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How rats perform spatial working memory tasks: Limitations in the use of egocentric and idiothetic working memory

Futter, James Edward and Aggleton, John Patrick 2006. How rats perform spatial working memory tasks: Limitations in the use of egocentric and idiothetic working memory. The Quarterly Journal of Experimental Psychology 59 (1) , pp. 77-99. 10.1080/02724990544000068

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Rats of the Dark Agouti strain were trained on delayed alternation under conditions that should encourage egocentric working memory. In two experiments a T-maze was set within a cross-maze so that different arms could be used for the sample and test runs. The maze had high opaque side-walls, and testing was conducted in low light levels so that distal visual cues might be eliminated. By rotating the maze 90° between the sample and choice run and by using two identical mazes set side by side it was possible to nullify other spatial strategies. Experiments 1 and 2 showed that rats preferentially used place information, intramaze cues, and direction cues, even though only egocentric or idiothetic (nonmatch-to-turn) working memory could successfully solve every trial. Rats were able to maintain an accurate sense of location within the maze even though distal cues were not visible and the animal was moved between the sample and choice runs. Experiment 2 confirmed that another rat strain (Long-Evans) shows the same learning profiles. Both experiments indicate that rats are very poor at using either egocentric or idiothetic information to alternate, and that retention delays as short as 10 s can eliminate the use of these forms of memory.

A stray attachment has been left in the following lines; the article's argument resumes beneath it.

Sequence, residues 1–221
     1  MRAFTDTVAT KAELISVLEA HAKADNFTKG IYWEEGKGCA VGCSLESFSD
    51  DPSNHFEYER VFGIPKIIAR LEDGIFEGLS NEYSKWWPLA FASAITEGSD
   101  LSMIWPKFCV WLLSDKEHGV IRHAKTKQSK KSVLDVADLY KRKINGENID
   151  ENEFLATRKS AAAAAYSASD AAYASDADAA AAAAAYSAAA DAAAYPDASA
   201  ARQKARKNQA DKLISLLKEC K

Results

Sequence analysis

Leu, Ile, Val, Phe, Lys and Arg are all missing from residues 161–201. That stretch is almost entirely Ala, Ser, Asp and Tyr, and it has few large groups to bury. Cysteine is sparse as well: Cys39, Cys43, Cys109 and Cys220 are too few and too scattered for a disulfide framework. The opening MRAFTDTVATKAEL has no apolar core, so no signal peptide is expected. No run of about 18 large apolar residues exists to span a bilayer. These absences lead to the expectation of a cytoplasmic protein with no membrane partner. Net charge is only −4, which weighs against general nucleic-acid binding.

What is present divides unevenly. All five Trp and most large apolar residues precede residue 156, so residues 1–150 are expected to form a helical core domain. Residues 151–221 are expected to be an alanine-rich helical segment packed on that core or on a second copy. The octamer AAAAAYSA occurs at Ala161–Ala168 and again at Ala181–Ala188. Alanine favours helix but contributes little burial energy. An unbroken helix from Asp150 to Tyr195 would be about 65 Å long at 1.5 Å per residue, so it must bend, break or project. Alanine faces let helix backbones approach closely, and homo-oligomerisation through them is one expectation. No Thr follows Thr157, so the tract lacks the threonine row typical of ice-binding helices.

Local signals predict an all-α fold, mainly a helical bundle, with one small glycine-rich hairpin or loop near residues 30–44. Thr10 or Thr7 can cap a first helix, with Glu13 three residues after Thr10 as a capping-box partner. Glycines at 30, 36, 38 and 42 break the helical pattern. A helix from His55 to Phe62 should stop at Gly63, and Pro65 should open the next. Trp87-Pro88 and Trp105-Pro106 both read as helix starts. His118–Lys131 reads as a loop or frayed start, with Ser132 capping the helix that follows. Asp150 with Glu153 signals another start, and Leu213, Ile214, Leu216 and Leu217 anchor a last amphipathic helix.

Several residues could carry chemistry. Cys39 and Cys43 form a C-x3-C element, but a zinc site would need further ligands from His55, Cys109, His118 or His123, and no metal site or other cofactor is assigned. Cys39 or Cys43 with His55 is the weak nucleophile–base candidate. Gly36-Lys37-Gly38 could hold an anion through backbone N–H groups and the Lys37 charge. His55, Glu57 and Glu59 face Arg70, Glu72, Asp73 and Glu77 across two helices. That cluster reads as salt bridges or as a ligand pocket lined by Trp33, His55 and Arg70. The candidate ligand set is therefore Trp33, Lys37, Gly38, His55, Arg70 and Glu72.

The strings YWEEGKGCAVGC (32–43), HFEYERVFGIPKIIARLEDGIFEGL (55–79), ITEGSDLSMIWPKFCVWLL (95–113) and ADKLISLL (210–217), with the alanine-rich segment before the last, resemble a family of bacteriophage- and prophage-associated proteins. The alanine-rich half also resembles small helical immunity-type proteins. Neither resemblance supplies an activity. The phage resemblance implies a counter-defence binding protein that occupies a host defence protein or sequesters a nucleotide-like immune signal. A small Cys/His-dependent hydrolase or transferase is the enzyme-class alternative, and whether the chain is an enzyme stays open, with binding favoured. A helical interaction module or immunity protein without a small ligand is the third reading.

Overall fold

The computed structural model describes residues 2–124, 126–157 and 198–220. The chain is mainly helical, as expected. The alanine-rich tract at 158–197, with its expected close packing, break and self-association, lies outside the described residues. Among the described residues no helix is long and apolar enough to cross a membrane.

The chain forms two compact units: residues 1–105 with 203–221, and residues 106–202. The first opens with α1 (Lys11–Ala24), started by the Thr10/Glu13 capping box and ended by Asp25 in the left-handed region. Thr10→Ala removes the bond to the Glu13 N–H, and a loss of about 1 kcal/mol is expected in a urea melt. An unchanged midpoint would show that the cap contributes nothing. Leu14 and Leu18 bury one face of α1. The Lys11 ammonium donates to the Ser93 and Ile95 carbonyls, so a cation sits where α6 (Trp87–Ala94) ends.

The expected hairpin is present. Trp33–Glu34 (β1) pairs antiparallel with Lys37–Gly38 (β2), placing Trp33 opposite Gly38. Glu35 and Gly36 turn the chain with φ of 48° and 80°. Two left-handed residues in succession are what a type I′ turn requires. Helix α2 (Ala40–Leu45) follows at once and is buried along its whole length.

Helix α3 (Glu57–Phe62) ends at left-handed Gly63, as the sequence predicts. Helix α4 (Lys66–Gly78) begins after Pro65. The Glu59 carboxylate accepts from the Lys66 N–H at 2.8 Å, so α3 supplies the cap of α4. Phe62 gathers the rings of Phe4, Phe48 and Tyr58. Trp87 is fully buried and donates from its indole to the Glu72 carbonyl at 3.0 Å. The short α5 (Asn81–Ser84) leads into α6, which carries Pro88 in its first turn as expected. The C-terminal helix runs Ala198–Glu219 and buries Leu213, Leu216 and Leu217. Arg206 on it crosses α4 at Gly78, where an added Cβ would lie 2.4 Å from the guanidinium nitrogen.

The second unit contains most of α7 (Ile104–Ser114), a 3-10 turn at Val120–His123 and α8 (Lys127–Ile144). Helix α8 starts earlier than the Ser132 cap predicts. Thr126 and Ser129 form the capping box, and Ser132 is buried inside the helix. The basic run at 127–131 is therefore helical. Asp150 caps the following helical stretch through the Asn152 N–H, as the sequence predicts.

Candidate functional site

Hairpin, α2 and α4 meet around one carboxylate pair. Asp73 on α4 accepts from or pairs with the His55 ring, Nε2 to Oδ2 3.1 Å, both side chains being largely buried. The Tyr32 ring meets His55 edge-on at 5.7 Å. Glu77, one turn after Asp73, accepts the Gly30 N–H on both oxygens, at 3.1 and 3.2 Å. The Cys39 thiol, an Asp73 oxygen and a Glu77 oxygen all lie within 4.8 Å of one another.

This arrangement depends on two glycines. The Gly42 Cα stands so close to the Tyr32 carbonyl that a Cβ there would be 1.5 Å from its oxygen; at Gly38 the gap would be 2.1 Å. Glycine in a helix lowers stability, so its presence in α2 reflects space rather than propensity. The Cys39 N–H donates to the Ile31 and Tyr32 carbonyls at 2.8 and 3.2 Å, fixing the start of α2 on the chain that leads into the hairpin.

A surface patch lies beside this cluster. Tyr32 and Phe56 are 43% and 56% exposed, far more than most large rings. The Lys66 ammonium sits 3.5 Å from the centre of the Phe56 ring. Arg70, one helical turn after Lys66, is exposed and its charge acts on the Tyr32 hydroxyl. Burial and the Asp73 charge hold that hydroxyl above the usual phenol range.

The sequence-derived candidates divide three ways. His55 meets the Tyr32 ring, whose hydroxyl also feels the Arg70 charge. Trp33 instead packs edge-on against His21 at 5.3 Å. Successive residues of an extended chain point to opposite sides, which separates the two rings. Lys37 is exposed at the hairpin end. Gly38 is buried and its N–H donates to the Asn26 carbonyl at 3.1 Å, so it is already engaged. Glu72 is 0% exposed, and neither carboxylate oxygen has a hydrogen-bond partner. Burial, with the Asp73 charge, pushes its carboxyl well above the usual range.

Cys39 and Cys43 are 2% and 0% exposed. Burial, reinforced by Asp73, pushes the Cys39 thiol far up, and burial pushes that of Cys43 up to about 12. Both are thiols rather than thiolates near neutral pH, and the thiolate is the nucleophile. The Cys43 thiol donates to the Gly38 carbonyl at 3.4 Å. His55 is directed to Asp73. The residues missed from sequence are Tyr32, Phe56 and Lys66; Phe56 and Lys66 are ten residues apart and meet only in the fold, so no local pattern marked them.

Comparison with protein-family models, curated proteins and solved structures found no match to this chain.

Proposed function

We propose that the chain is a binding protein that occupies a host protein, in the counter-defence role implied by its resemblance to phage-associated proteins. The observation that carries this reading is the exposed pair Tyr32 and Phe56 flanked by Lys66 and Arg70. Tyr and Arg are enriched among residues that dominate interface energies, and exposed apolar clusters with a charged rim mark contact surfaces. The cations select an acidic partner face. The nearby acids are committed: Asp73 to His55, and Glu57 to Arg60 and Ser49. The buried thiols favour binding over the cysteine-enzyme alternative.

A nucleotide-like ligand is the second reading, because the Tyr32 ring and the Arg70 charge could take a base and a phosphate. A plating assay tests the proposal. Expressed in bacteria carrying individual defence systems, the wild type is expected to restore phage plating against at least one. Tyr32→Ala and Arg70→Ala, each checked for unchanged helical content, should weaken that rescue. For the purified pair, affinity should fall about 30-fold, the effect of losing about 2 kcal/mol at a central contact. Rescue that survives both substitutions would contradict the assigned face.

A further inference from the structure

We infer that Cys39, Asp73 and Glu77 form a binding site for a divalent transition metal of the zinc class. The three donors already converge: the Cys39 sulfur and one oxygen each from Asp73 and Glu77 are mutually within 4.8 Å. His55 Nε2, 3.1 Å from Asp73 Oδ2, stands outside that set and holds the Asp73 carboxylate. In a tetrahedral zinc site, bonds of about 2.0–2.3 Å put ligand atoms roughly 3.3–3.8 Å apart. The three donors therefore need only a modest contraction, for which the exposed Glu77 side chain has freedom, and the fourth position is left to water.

Item Type: Article
Date Type: Publication
Status: Published
Schools: Psychology
Neuroscience and Mental Health Research Institute (NMHRI)
Subjects: B Philosophy. Psychology. Religion > BF Psychology
R Medicine > RC Internal medicine > RC0321 Neuroscience. Biological psychiatry. Neuropsychiatry
Publisher: Taylor & Francis
ISSN: 1747-0218
Last Modified: 04 Jun 2017 02:42

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